The right place at the right time. An ex-firefighter plays a lifesaving role. He spotted smoke coming from the back of a nearby home. Not only did he manage to get the family to safety, he also helped save their house. Monday, the family is showing their gratitude.
"We dodged a bullet in a lot of ways," says Doug Menkel.
Under the deck lay some charred debris, next to it, is a blackened wall. But Doug Menkel knows two Saturdays ago, his house, just off 163rd and Giles, could have ended up in much worse shape. "There's no way I could say thank you enough times," he says.
Retired Omaha Firefighter PJ Driscoll was coming into the neighborhood to visit his son, when he noticed smoke billowing out from over the fence. He knew it wasn't a grill. "And when we turned the corner I could smell it and I knew right away we had a fire," says Driscoll.
After notifying the Menkels and getting them out of the house, his firefighter instincts kicked in. “I just grabbed the hose here next to the house here and it was just a garden hose and I have on what I have on today and I really didn't have the proper uniform but you got to do what you got to do," he says.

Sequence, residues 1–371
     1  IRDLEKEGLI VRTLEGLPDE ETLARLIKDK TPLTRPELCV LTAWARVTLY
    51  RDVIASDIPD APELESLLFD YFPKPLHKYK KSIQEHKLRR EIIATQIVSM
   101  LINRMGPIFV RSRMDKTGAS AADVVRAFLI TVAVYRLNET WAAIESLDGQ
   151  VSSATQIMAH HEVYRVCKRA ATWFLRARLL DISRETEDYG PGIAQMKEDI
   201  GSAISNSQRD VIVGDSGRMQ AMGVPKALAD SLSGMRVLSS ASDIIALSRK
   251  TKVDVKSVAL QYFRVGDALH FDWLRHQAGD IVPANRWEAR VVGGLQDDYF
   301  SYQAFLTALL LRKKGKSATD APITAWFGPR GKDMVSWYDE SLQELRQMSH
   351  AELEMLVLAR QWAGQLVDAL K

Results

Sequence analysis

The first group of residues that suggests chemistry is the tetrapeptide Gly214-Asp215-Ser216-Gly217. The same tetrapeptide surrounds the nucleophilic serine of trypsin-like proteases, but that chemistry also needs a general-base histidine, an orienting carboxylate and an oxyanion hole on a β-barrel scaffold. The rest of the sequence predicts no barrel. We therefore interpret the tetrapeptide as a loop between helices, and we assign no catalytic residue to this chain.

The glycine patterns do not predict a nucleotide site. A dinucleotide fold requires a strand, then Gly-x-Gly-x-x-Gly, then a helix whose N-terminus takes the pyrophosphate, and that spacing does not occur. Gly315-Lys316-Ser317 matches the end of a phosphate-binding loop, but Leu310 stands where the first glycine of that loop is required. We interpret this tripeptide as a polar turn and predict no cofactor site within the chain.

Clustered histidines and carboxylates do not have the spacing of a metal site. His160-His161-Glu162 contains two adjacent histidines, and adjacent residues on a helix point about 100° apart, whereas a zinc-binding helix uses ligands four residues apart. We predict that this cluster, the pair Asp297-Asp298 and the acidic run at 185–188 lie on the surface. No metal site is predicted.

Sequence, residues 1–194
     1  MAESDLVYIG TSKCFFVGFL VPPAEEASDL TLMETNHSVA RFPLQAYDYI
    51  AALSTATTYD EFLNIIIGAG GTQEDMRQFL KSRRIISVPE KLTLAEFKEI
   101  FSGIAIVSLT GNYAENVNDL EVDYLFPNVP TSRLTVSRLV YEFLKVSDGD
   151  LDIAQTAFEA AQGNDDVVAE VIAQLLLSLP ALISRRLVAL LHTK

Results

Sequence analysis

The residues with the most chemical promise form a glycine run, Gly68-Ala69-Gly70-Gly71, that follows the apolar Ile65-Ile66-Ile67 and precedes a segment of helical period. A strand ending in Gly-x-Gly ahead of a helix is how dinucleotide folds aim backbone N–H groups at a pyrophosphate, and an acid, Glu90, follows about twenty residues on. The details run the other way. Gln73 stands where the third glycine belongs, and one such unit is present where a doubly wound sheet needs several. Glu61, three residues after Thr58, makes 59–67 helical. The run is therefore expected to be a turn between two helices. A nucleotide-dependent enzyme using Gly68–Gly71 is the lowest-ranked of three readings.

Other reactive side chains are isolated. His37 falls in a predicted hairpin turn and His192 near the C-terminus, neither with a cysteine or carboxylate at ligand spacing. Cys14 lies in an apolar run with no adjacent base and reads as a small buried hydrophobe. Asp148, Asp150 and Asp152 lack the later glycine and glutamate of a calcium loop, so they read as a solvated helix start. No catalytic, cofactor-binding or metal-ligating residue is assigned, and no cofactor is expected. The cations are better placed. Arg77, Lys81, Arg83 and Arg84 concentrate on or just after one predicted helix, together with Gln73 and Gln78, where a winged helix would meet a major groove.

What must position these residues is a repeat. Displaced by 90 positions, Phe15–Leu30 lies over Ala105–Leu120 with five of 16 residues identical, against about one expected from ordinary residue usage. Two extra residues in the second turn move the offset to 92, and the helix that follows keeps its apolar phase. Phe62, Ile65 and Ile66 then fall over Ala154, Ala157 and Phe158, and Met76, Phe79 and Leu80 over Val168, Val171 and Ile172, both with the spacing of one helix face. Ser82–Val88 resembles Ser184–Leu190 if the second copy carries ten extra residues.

But that garden hose did the trick he says. “Water is water and sometimes a garden hose works," says Menkel.
Assistant Fire Marshal Jim Gentile says Driscoll arrived not a moment too soon. “If you look at the middle you can see where it's just starting to char there. So it's a good thing it got stopped when it did because if it got in the house it could have been worse," he says.
The Menkels are just thankful the former firefighter happened along when he did. "It's amazing. It really kind of renews your faith in people when you see something like that I mean I'm very grateful because it's my house. I'm also grateful that there are people like that out there.
The fire started when clothing, used for staining a deck, spontaneously combusted. Investigators say in a situation like that, it's best to lay cloths out flat and let them air dry before storing them.